Bladder spasms can feel like stomach cramps and they’re not uncommon for people living with a catheter. The contractions caused during bladder spasms are a result of the bladder attempting to squeeze out the balloon. You may not have seen the balloon before unless demonstrated by a nurse. This is inflated with 10mls of sterile water once the catheter has been inserted and is inside your bladder. The small balloon holds the catheter in place and is deflated when it’s time for your catheter to be removed.
Bladder spasms can also be caused by urinary tract infections (UTIs), which you’re at increased risk of when you have a catheter. Another cause is irritation from the catheter, which you can help to prevent by using products to hold your catheter in place.
If you’re affected by bladder spasms, please don’t hesitate to discuss this with your nurse or GP. After assessing you, they’ll be able to make recommendations for things you can do to make yourself feel a lot more comfortable.
The risk of infection for someone living with a urinary catheter (short term or long term) increases each day the catheter remains in place. There are various things you can do to reduce your risk of catheter infection, including practicing good hygiene when handling your catheter, and not unnecessarily breaking the connection between your catheter and leg bag or valve. Another important consideration is catheter fixation.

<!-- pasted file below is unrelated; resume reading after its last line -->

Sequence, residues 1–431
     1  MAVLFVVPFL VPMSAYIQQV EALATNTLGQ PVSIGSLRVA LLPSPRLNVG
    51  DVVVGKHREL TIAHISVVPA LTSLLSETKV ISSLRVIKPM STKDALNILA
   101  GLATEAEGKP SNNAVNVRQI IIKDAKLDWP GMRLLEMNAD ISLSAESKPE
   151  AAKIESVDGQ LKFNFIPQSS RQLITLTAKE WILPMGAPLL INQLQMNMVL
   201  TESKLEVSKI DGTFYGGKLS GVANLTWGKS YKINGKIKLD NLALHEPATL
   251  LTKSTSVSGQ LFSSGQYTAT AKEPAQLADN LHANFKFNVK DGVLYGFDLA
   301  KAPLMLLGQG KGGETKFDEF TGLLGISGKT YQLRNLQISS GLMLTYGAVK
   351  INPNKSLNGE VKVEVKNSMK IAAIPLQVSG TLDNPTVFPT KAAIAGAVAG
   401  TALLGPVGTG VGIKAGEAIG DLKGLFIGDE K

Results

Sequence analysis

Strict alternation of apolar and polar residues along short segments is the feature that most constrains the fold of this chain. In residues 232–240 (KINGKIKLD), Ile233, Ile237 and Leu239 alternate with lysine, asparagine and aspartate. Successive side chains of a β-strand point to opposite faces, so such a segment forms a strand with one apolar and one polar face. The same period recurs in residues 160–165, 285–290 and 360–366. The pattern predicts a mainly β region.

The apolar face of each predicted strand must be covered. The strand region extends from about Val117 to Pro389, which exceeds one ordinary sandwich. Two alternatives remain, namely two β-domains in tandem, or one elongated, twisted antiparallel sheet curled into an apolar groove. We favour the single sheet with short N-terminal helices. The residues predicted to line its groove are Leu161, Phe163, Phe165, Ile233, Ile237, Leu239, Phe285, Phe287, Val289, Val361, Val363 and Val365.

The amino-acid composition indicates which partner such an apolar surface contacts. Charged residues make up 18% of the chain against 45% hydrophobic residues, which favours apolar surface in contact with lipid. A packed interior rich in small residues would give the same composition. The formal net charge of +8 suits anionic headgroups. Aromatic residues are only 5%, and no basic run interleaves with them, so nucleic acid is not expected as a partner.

Securing your catheter in place
If your catheter isn’t held in place properly, this can increase your risk of developing an infection, as the catheter cause rubbing and soreness inside your urethra. As you can imagine, this is very uncomfortable! This is why Vyne provides a choice of catheter fixation devices and plenty of advice on how to secure your catheter.
Have you ever experienced your catheter leaking? You may hear some people refer to this as ‘bypassing’ – simply referring to the urine bypassing the catheter. This is quite common. Check for any kinks in your catheter tubing which might be stopping urine from draining into your catheter. Catheter leaking can also be a sign that the catheter is blocked. If you think your catheter may be blocked, it’s essential you receive medical advice straight away.
Seeking medical advice
Do you have any niggling worries about your catheter? If there's anything you're unsure of, or if you have any concerns at all, please don't hesitate to speak to your nurse or GP.